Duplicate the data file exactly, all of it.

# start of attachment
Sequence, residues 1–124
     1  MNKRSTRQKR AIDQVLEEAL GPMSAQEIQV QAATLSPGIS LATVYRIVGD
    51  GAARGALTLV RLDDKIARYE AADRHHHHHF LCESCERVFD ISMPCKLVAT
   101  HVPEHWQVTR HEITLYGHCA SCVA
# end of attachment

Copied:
Sequence, residues 1–124
     1  MNKRSTRQKR AIDQVLEEAL GPMSAQEIQV QAATLSPGIS LATVYRIVGD
    51  GAARGALTLV RLDDKIARYE AADRHHHHHF LCESCERVFD ISMPCKLVAT
   101  HVPEHWQVTR HEITLYGHCA SCVA